Date of Graduation

Summer 8-7-2021

Document Access

Project/Capstone - Global access

Degree Name

Master of Science in Nursing (MSN)


School of Nursing and Health Professions

First Advisor

Sara Horton-Deutsch

Second Advisor

Tara O'Connor

Third Advisor

Liezel Buchner


Problem: Incremental overtime was found to majorly impact the financial well-being of a stroke unit. From an allocated budget of 22 hours per pay period, the unit’s incremental overtime averaged 40 hours. The stroke unit had skilled-mix competencies, further complicating handoffs. The absence of a standard reporting method means that reviewing patients’ charts takes approximately 10 to 15 minutes, extending what should be a quick, but thorough nurse knowledge exchange.

Context: The body of evidence reviewed indicated that pertinent information to patient care is not left out or missed when a standardized tool is used during handoff. Based on Lean methodology principles, focus was given to wasteful processes and the use of the evidence-based handoff tool ISBARED/ISHAPED, an SBAR derivative. The unit budget contributes to the overall healthcare spending of an organization. This is where services are rendered and metrics that matter are focused on the patients. It is also where finances matter in terms of waste and savings. As such, processes that are wasteful or redundant need to be reviewed and eliminated so that flow is smooth and care costs are minimized at all times. IOT takes a large bite from the unit budget due to suboptimal management of resources (time, money, or processes).

Intervention: This project did small tests of change indicating how this evidence-based tool could facilitate better flow at shift change and eliminate the 5-minute review of patients’ charts. ISBARED/ISHAPED has the potential to facilitate better flow at shift change; however, work ethics was acknowledged in this process. Small modifications exposed the intricacies of working in a unionized skilled-mix unit, the work culture, and the readiness for change. This project also intensified the Gemba walk of nurse leaders allowing nurses to concentrate on performance expectations, roles, and accountability in financial stewardship.

Measures: As an outcome measure, IOT per PP was monitored and represented as a graph. The process measures of IOT and NKE were the drivers for the project and were reviewed based on the number of nurses complying with the mandate through nurse leaders Gemba Walk. Chart reviews before handoff, NKE and IOT processes became an integral part of it. Huddle time between two shifts was also monitored to see how it affects IOT. The balancing measure is aimed at evaluating nurses’ engagement, participation, and readiness for the change.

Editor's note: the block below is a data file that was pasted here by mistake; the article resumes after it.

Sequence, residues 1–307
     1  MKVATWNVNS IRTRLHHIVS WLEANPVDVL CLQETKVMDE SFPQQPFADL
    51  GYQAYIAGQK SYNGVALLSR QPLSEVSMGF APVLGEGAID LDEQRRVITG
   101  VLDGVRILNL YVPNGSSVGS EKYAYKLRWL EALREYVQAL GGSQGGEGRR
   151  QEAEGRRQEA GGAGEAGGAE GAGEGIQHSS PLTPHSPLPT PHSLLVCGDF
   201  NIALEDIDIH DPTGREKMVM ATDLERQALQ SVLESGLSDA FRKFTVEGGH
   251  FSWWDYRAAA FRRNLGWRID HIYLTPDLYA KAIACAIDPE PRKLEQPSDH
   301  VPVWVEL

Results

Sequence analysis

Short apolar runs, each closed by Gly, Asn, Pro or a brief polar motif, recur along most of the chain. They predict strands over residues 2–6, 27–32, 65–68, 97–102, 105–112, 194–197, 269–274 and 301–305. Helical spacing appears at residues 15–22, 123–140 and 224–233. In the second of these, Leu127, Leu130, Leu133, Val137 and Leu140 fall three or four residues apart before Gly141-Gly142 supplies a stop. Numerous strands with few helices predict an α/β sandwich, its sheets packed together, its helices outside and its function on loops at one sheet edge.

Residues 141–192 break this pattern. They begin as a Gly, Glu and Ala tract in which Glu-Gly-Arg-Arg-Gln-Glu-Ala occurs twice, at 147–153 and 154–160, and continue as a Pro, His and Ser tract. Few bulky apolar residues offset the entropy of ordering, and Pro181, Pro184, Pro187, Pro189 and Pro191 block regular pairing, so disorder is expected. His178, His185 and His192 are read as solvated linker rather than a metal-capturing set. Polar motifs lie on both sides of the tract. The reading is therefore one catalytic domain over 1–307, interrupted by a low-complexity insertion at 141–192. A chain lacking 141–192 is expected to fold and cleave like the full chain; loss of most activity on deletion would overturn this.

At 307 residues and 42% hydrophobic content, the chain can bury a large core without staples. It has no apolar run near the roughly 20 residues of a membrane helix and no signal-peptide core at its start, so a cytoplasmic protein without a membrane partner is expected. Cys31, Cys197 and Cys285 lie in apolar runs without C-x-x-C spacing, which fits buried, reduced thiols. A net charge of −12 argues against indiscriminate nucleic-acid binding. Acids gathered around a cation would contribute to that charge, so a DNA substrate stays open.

Results: Generally, there was a decrease in IOT. The ISBARED/ISHAPED tool did not significantly make an impact to decrease IOT because only a few nurses were chosen to use it. However, based on their comments a greater impact would have been felt if all used it and prepared one for incoming shifts. This process would have eliminated the 5-minute review of patients’ charts and easily facilitate handoff, but the 5-minute review of charts was kept due to union agreements. The tool, however, demonstrated how this evidence-based tool can improve flow at the change of shift and provide a comprehensive communication tool for the NKE. On the other hand, the Gemba walk that tackled huddle time, coaching and supporting individual nurses, NKE and IOT processes made a great impact on processes, awareness, roles, accountability and collaboration to decrease IOT.

Conclusion: The ISBARED/ISHAPED handoff tool is an effective means to address the flow of information during nurse knowledge exchanges at the bedside, as it is an evidence-based, standardized form. However, its success requires purposeful use that can prove difficult when doing so challenges existing work processes and/or work culture.